Tom Otterness

Instituto Valenciano de Arte Moderno (IVAM)

Tom Otterness’ work investigates the nature of public monuments, their social and psychological implications, and their artistic value. A founding member of Collaborative Projects Inc., Otterness considers his small figurines as carriers of a mock monumentality. The Tables, an installation begun in 1986, invites the viewer to enter a new frame of reference—of cultural memory, parody, and allegory. From a child’s perspective, the audience sinks into an unreal world where distortions in scale, role, and relationship among characters help to reveal the almost surreal scene taking place in the work. With a certain cinematic quality, which can be traced back to Otterness’ earlier films, the action of these works describes a complex scenario of human behavior. On top of three oversized, CorTen steel tables, a frozen vignette of creatures performing a sophisticated game can be read as a metaphor of urban reality, human greed, or even world catastrophe.

The audience is manipulated by the artist and invited, by means of his exploitation of their curiosity, to consume his message. The miniature fantasy world, similar to those of Lewis Carroll’s Alice in Wonderland and Jonathan Swift’s Gulliver’s Travels, features various aberrations—animals behaving like humans—absurdities, trick proportions, and references and perceptions that provoke reflection.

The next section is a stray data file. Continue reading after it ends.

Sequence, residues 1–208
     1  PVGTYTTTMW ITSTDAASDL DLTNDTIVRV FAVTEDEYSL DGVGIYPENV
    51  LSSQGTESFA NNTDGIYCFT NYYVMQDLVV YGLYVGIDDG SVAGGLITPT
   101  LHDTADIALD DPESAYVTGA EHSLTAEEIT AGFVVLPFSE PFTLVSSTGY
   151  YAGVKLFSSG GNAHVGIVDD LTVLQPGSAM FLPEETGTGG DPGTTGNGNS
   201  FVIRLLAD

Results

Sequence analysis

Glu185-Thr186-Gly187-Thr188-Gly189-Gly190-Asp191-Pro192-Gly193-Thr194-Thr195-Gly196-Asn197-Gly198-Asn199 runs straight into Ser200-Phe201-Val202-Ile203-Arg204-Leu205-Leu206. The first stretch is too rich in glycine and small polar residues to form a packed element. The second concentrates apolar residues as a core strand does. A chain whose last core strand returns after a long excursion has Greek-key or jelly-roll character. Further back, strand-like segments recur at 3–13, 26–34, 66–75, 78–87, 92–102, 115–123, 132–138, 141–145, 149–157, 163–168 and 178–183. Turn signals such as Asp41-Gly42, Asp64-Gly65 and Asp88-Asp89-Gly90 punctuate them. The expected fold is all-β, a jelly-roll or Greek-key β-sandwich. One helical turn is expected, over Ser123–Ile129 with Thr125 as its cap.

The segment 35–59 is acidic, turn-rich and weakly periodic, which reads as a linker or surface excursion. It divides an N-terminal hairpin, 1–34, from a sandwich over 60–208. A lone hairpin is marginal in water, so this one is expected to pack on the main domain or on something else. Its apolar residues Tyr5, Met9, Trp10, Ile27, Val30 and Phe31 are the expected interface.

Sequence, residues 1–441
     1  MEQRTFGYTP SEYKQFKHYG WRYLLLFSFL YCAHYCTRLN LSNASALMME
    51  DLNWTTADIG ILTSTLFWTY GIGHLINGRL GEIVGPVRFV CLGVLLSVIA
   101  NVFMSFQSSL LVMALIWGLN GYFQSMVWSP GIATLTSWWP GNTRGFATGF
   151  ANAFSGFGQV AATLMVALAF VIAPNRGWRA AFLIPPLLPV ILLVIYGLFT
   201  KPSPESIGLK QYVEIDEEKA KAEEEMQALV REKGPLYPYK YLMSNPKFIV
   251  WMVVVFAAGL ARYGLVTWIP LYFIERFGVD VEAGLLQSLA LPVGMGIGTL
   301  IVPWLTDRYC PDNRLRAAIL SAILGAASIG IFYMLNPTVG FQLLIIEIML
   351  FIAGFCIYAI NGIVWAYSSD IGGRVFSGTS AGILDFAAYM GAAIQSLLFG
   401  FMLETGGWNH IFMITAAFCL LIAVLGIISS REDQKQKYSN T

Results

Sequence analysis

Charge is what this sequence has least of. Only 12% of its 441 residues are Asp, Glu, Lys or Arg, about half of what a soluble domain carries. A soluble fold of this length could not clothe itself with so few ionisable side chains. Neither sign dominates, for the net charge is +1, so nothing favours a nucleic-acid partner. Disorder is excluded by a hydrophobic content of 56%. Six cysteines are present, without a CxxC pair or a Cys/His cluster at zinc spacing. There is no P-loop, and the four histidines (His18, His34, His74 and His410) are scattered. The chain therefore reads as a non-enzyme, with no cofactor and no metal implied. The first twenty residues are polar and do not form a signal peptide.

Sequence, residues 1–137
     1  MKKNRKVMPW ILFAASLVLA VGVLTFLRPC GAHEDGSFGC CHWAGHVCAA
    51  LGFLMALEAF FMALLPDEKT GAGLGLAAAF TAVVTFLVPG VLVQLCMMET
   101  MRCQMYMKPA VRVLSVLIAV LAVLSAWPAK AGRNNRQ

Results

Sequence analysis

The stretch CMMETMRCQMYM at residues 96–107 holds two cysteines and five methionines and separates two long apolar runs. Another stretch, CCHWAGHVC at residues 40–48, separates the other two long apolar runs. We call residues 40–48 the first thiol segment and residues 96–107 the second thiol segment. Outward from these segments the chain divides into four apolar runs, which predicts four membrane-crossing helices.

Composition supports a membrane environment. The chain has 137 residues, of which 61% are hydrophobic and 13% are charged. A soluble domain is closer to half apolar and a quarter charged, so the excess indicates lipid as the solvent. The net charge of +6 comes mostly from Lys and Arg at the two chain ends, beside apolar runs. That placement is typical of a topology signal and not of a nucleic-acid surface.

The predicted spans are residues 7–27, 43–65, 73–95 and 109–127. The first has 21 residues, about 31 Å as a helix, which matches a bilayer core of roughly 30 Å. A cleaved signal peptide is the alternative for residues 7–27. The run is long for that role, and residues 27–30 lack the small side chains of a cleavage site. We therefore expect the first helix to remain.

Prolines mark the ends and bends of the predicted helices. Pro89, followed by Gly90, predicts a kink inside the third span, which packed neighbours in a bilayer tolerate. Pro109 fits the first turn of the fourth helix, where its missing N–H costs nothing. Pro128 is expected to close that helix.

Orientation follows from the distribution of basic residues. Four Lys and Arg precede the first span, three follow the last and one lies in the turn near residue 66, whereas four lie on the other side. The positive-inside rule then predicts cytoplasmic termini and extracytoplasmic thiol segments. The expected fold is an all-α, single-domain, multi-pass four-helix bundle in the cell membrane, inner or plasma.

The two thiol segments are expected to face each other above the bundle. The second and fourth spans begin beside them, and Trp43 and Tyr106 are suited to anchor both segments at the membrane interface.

Its large scale does not allow for an overview of the story; rather it forces the viewer to read the story as cinematic, fragmented stills that incorporate the notion of time. The dimension of time is also implied in the work by injecting movement into the many figurines, and by the use of suspended animation in the cartoonlike scenes. An instant, whether eternal or brief, and a common scenario are the only links connecting a horse waiting for a phone call and a hooded death figure checking the time on his watch atop a cracked globe.

Catastrophe, labor, regeneration, death and birth, games of power, unavoidable epidemics, and supernatural forces parody the world’s mechanistic movements that, in a fast reading, could be mistaken for a surreal performance.

These works demand interaction with the viewer. Read as a narrative sequence, the installation is divided into four rectangular stages or screens with a multilevel and multiactive time sequence and frame. Otterness’ miniatures emulate life and represent, like a Hieronymus Bosch painting, the layers of human existence as well as the natural mechanistic principles of the scientific world.

Anaxtu Zabalbeascoa